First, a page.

The Dragon Soars

Corporate Profile

By Carmen Pang,Executive EditorThe Dragon SoarsLung Moon finds success in woven tapes.

Chan Fuk-Wah, founder of Lung Moon Textiles, named the company after a popular Chinese saying
that denotes fame and prosperity.There is a Chinese saying that goes something like this: As soon
as one advances through the dragon gate, one’s value increases hundred folds. It was for this
saying that a Hong Kong businessman named his company Lung Moon (lung, in Chinese, means dragon,
and moon means door) and launched his entrepreneurial dream some 30 years ago.Lung Moon Textiles
Ltd., established in 1974 by Chan Fuk-Wah and his wife, is today a $7 million privately owned
enterprise that manufactures woven tapes for well-known global brands, such as Tommy Hilfiger, Gap
and DKNY, among others. Recalling the inspiration behind the Lung Moon name, Chan simply said, “We
like to be famous.” That, and because the dragon symbolizes luck in Chinese beliefs.

Kenny Chan, Lung Moon’s production manager, with dyeing and finishing machinery by
BreitenbachHumble BeginningsChan started his business as a small-scale thread and yarn
manufacturer. He soon noticed the popularity of woven tapes in applications such as handbags,
garments and other fashion accessories. Seeing that suppliers of woven tapes were few and far
between in the early ’70s, Chan established Lung Moon to capture this growing market. After turning
a profit early on, Chan expanded his business by relocating his factory from company headquarters
in Hong Kong to China in 1992 to take advantage of the country’s low land and labor costs. Today,
the company employs about 500 people who produce 150 million yards of woven tapes (including satin
ribbons, velvet tapes, jacquard tapes, care labels and woven-edged labels) annually.According to
Chan, about 80 percent of Lung Moon’s products are sold to exporters or apparel manufacturers in
Hong Kong and the rest are sold directly to overseas buyers. Its two divisions — Lung Moon Elastic
Weaving Factory and Lung Moon Weaving (Zhongshan) Ltd. — operate three plants, including an inhouse
dyeing plant that was set up to meet U.S. customers’ demands, in the city of Dongguan in Guangdong
province. By the end of 2004, an additional factory in the city of Zhongshan will be
operational.“The company business has grown three times since we moved to China,” said Chan. “We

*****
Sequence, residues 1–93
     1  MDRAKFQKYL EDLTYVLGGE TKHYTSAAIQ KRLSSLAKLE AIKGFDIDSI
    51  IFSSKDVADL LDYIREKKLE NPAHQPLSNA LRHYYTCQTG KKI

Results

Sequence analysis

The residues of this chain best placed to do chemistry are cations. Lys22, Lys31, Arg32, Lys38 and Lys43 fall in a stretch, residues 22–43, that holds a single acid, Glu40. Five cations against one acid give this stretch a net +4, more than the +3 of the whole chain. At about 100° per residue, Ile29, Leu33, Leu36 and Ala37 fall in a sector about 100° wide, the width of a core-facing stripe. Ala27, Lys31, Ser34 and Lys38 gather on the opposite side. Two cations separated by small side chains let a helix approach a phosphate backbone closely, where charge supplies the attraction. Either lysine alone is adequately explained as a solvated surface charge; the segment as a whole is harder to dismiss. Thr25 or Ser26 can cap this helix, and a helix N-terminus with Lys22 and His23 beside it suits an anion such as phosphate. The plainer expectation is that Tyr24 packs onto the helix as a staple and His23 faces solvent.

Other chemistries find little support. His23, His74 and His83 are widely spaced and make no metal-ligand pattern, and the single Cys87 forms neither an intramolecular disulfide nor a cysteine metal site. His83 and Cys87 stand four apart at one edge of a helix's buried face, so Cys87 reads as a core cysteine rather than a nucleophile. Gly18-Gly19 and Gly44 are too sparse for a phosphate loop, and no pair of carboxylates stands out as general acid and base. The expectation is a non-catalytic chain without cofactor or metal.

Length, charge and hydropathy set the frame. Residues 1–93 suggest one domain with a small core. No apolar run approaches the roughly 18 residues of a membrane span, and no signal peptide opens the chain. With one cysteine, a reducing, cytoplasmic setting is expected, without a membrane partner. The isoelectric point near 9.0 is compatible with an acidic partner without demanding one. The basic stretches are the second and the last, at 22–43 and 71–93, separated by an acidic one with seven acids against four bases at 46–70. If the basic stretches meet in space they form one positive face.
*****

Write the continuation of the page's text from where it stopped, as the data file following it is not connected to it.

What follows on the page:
have now about 300 Jakob Müller looms. In the new factory in Zhongshan, we can allocate about 1,200
looms.” In addition, the new 20,000-square-meter plant will house a number of dyeing and finishing
machines by Switzerland- based SB Breitenbach Maschinen AG.The company has a long history with
Switzerland-based Jakob Müller AG. Chan first saw the Müller jacquard-driven narrow fabric weaving
machine at ITMA 1995 in Italy. Impressed, he quickly acquired a number of the machines and has
since expanded the company’s equipment to include Müller’s Varitex narrow fabric looms. Chan said
the printed ribbons manufactured by the Varitex machines have better print quality and softer hand.

From left: Kenneth Kwan, Jakob Müller Hong Kong China assistant general manager;Bill Chan,
Lung Moon sales manager; Chan Fan Miu-Yung, wife of Chan Fuk-Wah; ChanFuk-Wah, Lung Moon director
and founder; Raffaele Micheletti, Jakob Müller HongKong China general manager; Kenny Chan, Lung
Moon production managerFuture Challenges And OpportunitiesChan believes the immediate challenges
facing his company are intensive competition, energy shortages in China, and fluctuating raw
material and transportation costs. He said increasing oil prices, as well as more stringent checks
by foreign customs officials and logistics companies in fear of terrorism, have increased
transportation costs, resulting in thinner margins.To overcome the challenges, Lung Moon reinvests
about 3 percent of its revenues in research and development.“Despite fierce competition, the use of
imported, more sophisticated machines and technology allows us to sell our products at a premium,”
said Chan, “because our production cycles are shortened and our quality is more stable.”In order to
provide a full package of products to its customers, Chan said the upcoming phase of the company’s
development, after weaving, is to provide dyeing and finishing inhouse. Following that will be to
bring the printing process into the company as well.“Our customers require a betterquality
product,” he said. “Only with full control of the processes can we guarantee good quality.”

Winter 2004